Three years ago a major cyber attack took place. Cyber-criminals attacked IoT devices, while several attacks affected many websites. Amazon, Twitter, Reddit, Spotify and PayPal, were all affected by this attack.

This means two things. Firstly, that the world is vulnerable to cyber-attacks at the moment, and secondly that IoT has entered for good in our lives, and plays a much bigger role than we may have imagined.

Of course, shipping forms a part of this web as well. In fact, IoT sensors are integrated into almost everything in the shipping era, which means they collect everything.

However, what exactly is IoT and how the world can be protected from its potential challenges?

1. What is IoT?
While there are several definitions about IoT, the technology generally refers to 'smart devices'. These are equipped with electronics, software, sensors and network connectivity, in order to be able to be connected to the internet.

2. Where is the problem?

The problem is simple, as anything that is connected to the internet can pose a risk. In fact, the aforementioned attack was largely made possible due to the vast number of internet connected devices that were unsecured.

This gave a window of opportunity to the attackers to affect thousands of them. The way that the attackers worked was not sophisticated, but the number of the attacks was the key. As many of them were launched, the swamped the targeted servers.


The shipping industry is somewhat used this kind of cyber-attacks. Just two years ago, in June 2017, A.P. Moller - Maersk fell victim to a major cyber-attack caused by the NotPetya malware, which also affected many organisations globally. As a result, Maersk’s operations in transport and logistics businesses were disrupted, leading to unwarranted impact.

The attack reportedly created huge problems to the world’s biggest carrier of seaborne freight which transports about 15 per cent of global trade by containers.  In particular, Maersk’s container ships stood still at sea and its 76 port terminals around the world ground to a halt. The recovery was fast, but within a brief period the organisation suffered financial losses up to USD300m covering, among other things, loss of revenue, IT restoration costs and extraordinary costs related to operations.

3. How did the attacks take place?

It may sound naive, but changing the default password on electronic devices is crucial. If the password remains the same, then the device that is connected to the internet may be infected.

The fact is that cyber-attackers know many of the default passwords that are attributed to IoT devices and they use them to affect them. Leaving the default password unchanged is common. As a recent ESET research has shown, at least 15% of home routers are unsecured, which is translated to around 105 million routers.

In the Maersk case, all began when an employee in Ukraine responded to an email which featuring the NotPetya Malware. The system affected and therefore operations practically had to be on hold until system’s restoration.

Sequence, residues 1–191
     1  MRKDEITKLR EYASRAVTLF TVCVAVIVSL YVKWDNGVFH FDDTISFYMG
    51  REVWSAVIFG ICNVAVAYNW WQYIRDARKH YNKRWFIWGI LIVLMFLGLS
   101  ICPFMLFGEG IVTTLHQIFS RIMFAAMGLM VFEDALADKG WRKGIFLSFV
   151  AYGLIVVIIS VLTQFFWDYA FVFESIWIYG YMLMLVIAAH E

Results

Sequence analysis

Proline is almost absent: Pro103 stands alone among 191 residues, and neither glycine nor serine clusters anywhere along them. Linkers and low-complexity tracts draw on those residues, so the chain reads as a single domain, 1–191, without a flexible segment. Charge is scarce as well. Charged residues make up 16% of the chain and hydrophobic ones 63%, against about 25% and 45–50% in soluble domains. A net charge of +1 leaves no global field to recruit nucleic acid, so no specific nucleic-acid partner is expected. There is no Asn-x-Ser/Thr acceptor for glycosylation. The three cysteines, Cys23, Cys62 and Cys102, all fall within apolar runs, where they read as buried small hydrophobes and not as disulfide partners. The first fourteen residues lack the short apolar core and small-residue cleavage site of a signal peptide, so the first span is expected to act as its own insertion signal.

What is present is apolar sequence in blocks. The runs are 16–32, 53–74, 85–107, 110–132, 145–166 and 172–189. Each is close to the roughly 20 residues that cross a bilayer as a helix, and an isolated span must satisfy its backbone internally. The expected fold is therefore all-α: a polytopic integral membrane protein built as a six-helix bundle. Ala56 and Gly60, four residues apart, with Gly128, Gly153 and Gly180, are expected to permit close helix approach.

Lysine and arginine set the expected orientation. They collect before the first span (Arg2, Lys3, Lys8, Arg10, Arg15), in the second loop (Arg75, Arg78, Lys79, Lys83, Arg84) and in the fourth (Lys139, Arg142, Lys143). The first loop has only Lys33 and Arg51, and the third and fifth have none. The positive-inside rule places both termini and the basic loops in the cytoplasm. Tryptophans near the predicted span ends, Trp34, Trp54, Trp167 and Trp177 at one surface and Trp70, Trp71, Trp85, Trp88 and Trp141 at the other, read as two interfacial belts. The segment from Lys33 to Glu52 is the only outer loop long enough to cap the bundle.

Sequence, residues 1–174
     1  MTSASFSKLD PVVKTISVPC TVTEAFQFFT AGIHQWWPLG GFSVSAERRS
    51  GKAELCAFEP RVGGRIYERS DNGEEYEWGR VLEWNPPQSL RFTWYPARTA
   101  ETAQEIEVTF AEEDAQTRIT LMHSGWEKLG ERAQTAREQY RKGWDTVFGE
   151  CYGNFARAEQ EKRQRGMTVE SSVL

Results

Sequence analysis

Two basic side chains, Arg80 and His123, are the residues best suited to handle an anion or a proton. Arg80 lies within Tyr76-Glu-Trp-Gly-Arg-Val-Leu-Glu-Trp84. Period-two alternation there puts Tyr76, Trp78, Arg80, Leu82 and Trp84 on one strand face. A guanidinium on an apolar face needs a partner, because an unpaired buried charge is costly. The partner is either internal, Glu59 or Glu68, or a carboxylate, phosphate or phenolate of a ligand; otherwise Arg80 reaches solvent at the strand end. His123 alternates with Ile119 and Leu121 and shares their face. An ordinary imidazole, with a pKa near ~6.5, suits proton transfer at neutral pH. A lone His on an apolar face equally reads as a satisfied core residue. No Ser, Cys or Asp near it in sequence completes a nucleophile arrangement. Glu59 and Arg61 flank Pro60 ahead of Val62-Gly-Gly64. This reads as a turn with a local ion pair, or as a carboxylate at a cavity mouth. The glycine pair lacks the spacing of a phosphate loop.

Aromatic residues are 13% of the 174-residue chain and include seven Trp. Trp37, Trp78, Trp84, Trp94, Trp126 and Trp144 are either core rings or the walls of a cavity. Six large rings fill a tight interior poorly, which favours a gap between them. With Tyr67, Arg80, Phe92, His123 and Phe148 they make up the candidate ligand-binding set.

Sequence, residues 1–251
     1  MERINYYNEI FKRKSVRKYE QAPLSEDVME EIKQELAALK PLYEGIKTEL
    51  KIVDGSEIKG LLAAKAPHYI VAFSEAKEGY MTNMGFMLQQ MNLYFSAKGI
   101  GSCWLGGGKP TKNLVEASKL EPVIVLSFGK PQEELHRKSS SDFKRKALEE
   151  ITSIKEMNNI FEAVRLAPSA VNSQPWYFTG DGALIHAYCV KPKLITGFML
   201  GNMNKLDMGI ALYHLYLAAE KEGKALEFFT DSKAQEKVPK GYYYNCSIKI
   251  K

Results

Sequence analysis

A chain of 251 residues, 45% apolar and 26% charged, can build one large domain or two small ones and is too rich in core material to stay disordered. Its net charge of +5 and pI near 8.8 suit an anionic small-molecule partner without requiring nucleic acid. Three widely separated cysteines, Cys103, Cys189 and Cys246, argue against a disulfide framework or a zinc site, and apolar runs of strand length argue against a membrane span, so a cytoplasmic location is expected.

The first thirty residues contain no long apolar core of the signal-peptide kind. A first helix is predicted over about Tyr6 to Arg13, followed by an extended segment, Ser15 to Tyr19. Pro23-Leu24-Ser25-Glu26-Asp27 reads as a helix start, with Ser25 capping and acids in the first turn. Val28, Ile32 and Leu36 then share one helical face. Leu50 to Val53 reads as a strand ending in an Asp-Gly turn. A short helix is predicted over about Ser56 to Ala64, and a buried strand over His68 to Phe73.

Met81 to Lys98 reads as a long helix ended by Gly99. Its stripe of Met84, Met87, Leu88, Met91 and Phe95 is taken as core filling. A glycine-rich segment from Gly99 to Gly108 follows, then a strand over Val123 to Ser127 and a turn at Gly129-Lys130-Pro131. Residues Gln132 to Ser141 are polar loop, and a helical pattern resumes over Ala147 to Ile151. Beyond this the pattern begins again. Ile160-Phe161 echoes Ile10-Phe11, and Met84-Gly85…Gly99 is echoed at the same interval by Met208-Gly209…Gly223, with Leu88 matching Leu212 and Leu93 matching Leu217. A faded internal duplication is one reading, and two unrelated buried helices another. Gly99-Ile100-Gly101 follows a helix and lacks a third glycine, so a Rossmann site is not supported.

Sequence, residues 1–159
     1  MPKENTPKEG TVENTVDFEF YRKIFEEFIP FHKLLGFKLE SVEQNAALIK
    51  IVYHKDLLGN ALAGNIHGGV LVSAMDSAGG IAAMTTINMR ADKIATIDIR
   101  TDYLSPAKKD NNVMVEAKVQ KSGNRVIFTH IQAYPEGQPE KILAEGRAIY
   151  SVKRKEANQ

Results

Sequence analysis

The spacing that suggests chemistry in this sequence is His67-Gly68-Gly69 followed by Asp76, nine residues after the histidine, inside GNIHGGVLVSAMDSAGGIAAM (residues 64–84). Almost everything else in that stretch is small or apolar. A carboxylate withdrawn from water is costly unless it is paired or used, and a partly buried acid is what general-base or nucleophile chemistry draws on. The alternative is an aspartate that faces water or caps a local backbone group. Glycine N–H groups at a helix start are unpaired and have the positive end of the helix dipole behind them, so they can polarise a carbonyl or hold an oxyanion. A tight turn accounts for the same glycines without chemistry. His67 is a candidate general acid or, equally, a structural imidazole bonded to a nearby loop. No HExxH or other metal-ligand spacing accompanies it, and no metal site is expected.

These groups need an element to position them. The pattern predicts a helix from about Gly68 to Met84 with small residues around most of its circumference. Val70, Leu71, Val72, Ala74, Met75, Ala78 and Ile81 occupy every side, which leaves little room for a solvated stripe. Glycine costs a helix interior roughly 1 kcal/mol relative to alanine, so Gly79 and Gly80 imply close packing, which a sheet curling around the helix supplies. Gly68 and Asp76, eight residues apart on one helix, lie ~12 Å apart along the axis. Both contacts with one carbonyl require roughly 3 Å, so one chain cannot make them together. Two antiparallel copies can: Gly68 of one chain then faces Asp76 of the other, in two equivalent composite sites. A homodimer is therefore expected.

The attack successfully occurred regardless the measures that Maersk had in place for such events. In its Annual Report 2016, the organization had clearly stated the following: “A.P. Moller - Maersk is involved in complex and wide-ranging global services and engaged in increased digitization of its businesses, making it highly dependent on well-functioning IT systems. The risk is managed through close monitoring and enhancements of cyber resilience and focus on business continuity management in the event that IT systems, despite their efforts, are affected”.

4. Are IoT devices actually necessary?

Despite having received critisism for having penetrated to almost every aspect of our lives, IoT devices are certainly helping us. From sensors in smartphones and smartwatches that provide real information about our health, to “blackbox” telematics in cars which tell how safe our driving is, these devices can really improve safety.

In shipping, by leveraging IoT solutions you have the kind of information that help you:

  • Understand much more about your organization;
  • Deliver new frictionless experiences;
  • Understand workflows;
  • Have better resource management;
  • Obtain operational excellence with the insights gained from the data.

5. Are we talking about a new kind of problem?

Since the launch of internet itself, the risk of exploitation has been there. Of course, the world does not just realize that IoT devices can be affected too, but we did not how vulnerable we are to these attacks, until these serious cases three and two years ago respectively.

Once again, there are things to do, with changing the default password being a must, but we will further analyze ways to be protected from cyber attacks below.

6. How far in the past does the technology goes?

IoT can actually be traced back to the 1980s, but of course not in the way we know it nowadays. Although not that far from today, researchers at Carnegie Mellon University managed to create a Coke vending machine that could connect to the internet in 1982.

7. Are internet companies able to stop such attacks?